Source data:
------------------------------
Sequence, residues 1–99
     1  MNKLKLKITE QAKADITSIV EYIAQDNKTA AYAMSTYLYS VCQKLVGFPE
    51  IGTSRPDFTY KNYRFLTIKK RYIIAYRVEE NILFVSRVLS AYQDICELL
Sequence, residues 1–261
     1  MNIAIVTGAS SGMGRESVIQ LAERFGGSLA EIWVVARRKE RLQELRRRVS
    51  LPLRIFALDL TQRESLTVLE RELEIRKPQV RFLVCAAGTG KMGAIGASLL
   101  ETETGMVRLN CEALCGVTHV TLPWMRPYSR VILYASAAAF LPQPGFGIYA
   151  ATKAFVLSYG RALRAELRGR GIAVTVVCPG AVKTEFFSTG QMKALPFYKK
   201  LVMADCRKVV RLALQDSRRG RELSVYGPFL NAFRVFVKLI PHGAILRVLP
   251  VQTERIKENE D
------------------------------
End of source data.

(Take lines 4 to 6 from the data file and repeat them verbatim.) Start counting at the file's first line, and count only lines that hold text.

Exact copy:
Sequence, residues 1–261
     1  MNIAIVTGAS SGMGRESVIQ LAERFGGSLA EIWVVARRKE RLQELRRRVS
    51  LPLRIFALDL TQRESLTVLE RELEIRKPQV RFLVCAAGTG KMGAIGASLL